European ring-tone sales were valued at 691 million euros (£548m) in 2007
Hundreds of mobile phone download sites are to be investigated after an EU-wide sweep of services.
Some 80% of the 500 websites offering ringtones and phone wallpaper breached regulations, the European Commission said on Thursday.
Unclear pricing and misleading information about what was free led to "costly surprises" for consumers, said commissioner Meglena Kuneva.
The UK regulator also wants people to receive fewer "junk" text messages.
In 2007, European ringtone sales stood at 691 million euros (£548m).
Some 495 million mobile phones are owned by Europeans.
A sweep of 500 websites - many of which targeted young people - took place across 27 EU member states, Norway and Iceland to check for breaches of European regulations.
It followed complaints from consumers who had been hit with bills they did not expect after downloading pictures or tunes on their mobile.
Results of the investigation show that 466 cases are being followed up.
Some 268 of these had some irregularities in the price, including some that did not even show the price at all. Others did not make it clear that consumers were entering into a subscription.
Some 399 failed to give complete contract details of the trader, while 344 presented information in what the authorities regarded as a misleading way.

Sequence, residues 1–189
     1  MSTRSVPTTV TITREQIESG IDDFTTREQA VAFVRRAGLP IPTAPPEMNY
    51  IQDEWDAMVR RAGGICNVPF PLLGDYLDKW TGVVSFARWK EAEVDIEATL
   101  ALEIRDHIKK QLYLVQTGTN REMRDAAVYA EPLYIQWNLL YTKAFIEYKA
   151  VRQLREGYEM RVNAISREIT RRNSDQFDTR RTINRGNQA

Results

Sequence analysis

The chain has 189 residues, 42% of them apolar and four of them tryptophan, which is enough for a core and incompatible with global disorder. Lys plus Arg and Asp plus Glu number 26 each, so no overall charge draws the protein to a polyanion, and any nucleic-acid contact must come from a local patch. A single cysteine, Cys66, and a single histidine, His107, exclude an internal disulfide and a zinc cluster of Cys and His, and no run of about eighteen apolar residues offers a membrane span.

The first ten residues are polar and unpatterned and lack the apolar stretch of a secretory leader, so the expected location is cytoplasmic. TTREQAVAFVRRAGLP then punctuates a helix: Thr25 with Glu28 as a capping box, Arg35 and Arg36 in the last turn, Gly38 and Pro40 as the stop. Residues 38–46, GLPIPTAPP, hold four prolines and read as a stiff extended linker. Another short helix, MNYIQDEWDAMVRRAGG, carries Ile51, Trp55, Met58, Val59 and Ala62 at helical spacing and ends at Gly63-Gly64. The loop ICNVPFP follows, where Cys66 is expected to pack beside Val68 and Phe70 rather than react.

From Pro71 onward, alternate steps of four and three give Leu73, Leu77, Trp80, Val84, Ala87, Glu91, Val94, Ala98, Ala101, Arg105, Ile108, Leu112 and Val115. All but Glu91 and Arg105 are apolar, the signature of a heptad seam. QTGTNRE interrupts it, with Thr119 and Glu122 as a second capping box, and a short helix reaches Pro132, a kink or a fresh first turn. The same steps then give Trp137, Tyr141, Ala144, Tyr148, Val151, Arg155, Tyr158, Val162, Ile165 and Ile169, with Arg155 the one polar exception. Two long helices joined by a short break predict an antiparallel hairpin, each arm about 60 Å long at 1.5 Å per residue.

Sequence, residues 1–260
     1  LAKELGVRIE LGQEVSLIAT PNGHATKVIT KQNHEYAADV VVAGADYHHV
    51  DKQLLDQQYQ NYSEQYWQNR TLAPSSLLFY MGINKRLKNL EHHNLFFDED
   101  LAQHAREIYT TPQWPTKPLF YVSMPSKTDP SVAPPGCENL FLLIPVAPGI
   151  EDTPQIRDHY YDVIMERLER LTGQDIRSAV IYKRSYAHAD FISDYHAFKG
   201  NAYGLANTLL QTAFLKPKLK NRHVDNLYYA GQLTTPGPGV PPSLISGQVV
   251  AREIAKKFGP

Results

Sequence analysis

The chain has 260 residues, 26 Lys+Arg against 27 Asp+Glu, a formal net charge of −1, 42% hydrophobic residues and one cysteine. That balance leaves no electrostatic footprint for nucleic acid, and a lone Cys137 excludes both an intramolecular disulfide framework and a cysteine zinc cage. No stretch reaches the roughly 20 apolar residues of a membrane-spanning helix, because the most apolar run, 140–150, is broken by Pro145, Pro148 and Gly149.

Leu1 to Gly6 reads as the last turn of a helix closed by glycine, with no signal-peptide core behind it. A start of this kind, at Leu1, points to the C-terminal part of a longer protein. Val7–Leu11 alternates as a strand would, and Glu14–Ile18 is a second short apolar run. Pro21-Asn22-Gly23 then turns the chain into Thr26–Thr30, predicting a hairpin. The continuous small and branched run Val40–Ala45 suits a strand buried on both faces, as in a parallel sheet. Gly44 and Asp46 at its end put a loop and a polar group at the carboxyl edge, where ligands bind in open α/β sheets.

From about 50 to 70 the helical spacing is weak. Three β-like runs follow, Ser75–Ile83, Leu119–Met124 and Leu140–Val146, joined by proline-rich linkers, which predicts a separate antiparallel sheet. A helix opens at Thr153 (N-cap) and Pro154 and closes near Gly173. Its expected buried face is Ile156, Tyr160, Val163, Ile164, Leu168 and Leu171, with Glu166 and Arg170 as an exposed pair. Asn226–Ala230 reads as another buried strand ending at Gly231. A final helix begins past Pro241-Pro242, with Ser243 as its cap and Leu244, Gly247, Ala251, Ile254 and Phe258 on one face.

"Far too many people are falling victim to costly surprises from mysterious charges, fees and ringtone subscriptions they learn about for the first time when they see their mobile phone bill," the commissioner said.
National authorities are now expected to contact each of the traders and have powers to fine them or close websites.
Meanwhile, mobile phone users, and parents, are being urged to check the small print of deals.
Ringtones made up an estimated 29% of the mobile content market in the EU in 2007, up 10% on the previous year.
PhonePayPlus, the regulator of these services in the UK, said that 18 million people had used phone-paid services and the UK market had grown to be worth £460m in 2007-8.
But this had also brought a growing number of complaints - more than 4,500 in the first three months of 2008.
Some included mobile phone users claiming they had been signed up for subscription services without their knowledge or consent.
The regulator has come up with a string of proposals which would mainly affect the "middle men", often operating legitimately, which work between mobile companies and content providers.
They include clear signalling of prices, for consumers to give clear approval before being signed up, and making it as easy to leave as to enter a subscription.
It also has plans for mobile phone users to receive fewer and more targeted promotional text messages.
"There is a clear lack of trust among many consumers about mobile premium services and this is small wonder when you consider the kind of harm that is being done to them by some providers," said PhonePayPlus chief executive George Kidd.
The regulator handed out fines of more than £360,000 in 2007 and has already imposed penalties of more than £390,000 this year.